The coming Bob's Burgers Boom

If there were an Intrade where people bet on which will be the next show to become a cult phenomenon, I’d put my money on Bob’s Burgers – except that it might be a cult phenomenon already. The show has been on for a while, and its ratings have not been spectacular (not bad, though). It gets consistently terrific fan and critical reaction, especially since it moved away from conservative King of the Hill-ish stories toward more absurdist material. Last night’s episode was fairly typical: they took the bones of a standard sitcom plot, where Bob’s family is hired to pose as a rich man’s family while Bob prepares their dinner, and turned it into a wild freak show where Bob gets hopped up on absinthe; the pattern of a lot of episodes is to put Bob in a situation where he can go completely insane.

Of all the non-Seth Macfarlane cartoons Fox has produced since the late ’90s, it’s the only one that seems to have a chance to stick around long enough to produce a substantial amount of episodes, and the only one that seems to point the way to a new style for broadcast animated comedy. The style can be described as a halfway point between the animated sitcom and Adult Swim (and Fox seems to be keeping a close eye on the success of Adult Swim; they’ve been trying to start plans to produce their own late-night cartoons). The plots and the structure are more or less linear and comprehensible, and the show tries to stay emotionally grounded through the relationship of Bob and his kids. But the characters are all crazy people who see the world with a sense of cloud-cuckoo logic – Bob is the straight man when the plot requires it, but the stories usually revolve around him proving he’s as insane as everyone else – and much of the humour comes from their non-sequitur comments on the situations. The humour in a lot of scenes comes from each character, in turn, delivering a comment on the situation that sort of makes sense but not completely.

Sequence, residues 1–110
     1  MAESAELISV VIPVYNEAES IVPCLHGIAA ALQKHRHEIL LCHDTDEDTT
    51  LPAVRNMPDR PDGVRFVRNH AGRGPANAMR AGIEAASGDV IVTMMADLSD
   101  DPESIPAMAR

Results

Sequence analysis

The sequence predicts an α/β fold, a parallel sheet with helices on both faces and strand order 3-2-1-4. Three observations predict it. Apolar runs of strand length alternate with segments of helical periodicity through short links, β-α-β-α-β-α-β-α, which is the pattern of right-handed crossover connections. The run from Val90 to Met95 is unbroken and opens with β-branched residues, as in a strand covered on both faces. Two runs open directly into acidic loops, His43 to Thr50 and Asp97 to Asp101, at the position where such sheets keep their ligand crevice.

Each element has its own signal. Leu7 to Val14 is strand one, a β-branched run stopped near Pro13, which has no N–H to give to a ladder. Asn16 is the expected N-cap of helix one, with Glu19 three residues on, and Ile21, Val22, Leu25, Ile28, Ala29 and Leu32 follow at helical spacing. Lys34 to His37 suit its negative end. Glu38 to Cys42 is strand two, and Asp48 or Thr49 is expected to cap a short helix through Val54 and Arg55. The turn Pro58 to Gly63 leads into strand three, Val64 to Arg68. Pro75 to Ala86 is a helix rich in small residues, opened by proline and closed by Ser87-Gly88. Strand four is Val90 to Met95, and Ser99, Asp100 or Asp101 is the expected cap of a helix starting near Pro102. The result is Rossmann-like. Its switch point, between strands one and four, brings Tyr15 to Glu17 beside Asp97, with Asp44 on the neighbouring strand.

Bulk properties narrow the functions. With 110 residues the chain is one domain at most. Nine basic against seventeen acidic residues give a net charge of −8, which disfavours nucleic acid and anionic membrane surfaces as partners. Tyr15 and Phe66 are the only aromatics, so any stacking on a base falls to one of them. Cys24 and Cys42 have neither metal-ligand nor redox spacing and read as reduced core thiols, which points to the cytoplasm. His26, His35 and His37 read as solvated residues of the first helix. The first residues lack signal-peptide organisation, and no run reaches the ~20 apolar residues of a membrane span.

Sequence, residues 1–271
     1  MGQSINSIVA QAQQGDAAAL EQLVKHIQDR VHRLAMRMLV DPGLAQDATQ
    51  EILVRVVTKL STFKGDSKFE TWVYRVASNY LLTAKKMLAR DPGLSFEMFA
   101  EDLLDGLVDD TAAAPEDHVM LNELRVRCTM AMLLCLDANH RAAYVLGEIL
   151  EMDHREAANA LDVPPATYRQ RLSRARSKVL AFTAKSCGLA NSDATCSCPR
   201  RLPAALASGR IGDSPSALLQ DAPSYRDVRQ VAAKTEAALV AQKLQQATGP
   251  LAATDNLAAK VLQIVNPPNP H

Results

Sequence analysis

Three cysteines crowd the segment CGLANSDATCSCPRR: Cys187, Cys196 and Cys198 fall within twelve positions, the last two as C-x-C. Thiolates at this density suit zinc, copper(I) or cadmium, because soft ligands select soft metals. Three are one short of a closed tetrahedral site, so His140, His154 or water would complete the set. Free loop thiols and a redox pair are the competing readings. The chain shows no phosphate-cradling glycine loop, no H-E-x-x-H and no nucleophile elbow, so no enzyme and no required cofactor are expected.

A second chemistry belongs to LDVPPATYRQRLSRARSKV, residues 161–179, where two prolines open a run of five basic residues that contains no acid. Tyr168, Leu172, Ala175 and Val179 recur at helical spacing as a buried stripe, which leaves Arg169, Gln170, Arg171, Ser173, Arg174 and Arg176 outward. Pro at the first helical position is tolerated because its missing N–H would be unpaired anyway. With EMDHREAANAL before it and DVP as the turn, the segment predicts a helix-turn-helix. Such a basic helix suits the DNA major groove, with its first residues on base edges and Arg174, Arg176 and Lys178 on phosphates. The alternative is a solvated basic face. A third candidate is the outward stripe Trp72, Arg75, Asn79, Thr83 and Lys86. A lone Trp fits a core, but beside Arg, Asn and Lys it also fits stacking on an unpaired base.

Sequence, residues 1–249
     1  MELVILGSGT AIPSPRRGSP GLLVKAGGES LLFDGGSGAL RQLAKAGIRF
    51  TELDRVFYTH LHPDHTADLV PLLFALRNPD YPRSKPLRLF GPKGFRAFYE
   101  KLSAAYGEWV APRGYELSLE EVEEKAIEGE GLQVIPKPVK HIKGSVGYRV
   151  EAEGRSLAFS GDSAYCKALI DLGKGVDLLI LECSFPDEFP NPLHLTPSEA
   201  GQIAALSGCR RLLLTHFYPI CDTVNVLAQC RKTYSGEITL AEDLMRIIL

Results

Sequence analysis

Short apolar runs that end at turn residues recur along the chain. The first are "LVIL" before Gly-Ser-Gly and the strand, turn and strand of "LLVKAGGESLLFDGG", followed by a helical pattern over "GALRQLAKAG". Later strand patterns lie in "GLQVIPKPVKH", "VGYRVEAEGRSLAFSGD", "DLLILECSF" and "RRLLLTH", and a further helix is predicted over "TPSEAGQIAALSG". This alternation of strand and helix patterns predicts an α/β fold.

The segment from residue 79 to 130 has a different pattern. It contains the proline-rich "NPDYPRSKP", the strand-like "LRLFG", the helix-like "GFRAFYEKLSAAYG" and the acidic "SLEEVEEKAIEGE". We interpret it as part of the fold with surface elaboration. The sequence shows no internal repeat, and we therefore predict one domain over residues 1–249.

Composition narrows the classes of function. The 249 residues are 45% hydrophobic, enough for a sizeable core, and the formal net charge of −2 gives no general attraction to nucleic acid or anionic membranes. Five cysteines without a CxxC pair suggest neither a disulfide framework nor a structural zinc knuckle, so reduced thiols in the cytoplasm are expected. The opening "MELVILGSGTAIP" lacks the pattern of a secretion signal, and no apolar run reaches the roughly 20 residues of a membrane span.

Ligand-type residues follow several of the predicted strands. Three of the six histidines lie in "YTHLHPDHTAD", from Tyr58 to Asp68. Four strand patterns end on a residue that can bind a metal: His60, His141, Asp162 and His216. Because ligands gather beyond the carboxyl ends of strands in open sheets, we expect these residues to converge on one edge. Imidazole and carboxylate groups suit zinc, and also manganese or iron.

Showrunner Jim Dauterive comes from King of the Hill, which used to do something similar with Hank’s friends, having each of them say something funny about that week’s plot from their own point of view. But it’s carried farther here. It’s like every character is a somewhat brighter Ralph Wiggum, and one of the reasons the show has a lot of cult potential is that the lines lend themselves beautifully to quoting online. Any comments section on a Bob’s Burgers review will be filled with quotes of the weird non-sequitur lines that don’t make sense out of context but did make sense in the show’s own world. And that type of line, in this particular time, is probably more quotable and popular than a standard punchline joke, which the older animated shows tend to do.

I don’t know if it works for me personally all the time, for two reasons. One is that every character is crazy, so the attempts to ground the show in some kind of reality don’t ring true for me. (I like it when the kids actually react to a situation the way a person would react, but it doesn’t happen all that often, since a lot of their characterization is built around the idea that they over-react to little things and treat bizarre things as normal and fun. But I find I enjoy seeing them out of their comfort zone a bit, like Louise losing her beloved bunny ears in the season premiere.) The other is that except in fantasy sequences, the show’s humour is so heavily dialogue-based, even by the standards of animated sitcoms, that it sometimes feels like no one can just be quiet and let a scene or plot point play out: there has to be commentary from everybody, and it can wear me out, like a lesser Simpsons episode with too many puns. But that’s a personal reaction, and I wouldn’t say those are flaws exactly; those are subjective reasons why I haven’t connected with the show yet in the way most people seem to have.

Objectively, though, the show seems to be one of the few non-Groening, non-MacFarlane animated sitcoms with its own distinct style and its own future. Fox clearly likes it, and Fox in its current form is a network prone to crushes: when they like a show, they will keep it on as long as its ratings are not terrible. (One live-action example is Raising Hope, a favourite of the Fox executives, and a very good show; the combination of good reviews, network support and low-but-not-awful ratings will likely keep it on long enough to reach syndication.) The big question for Fox is whether it can sustain its animated lineup if it ever pulls the plug on The Simpsons and Family Guy – something that almost happened to The Simpsons during that last round of negotiations – and to do that, it needs to develop newer series with their own following, something it has had a lot of trouble doing. It remains to be seen whether Bob can develop the kind of audience to make it a future substitute for The Simpsons and Family Guy. But it already has its own style, its own following, and people actually seem to like it for its own sake. And that puts it in a pretty good place, especially since Fox’s other insurance policy for the future of animation – its planned remake of The Flintstones – has fallen through.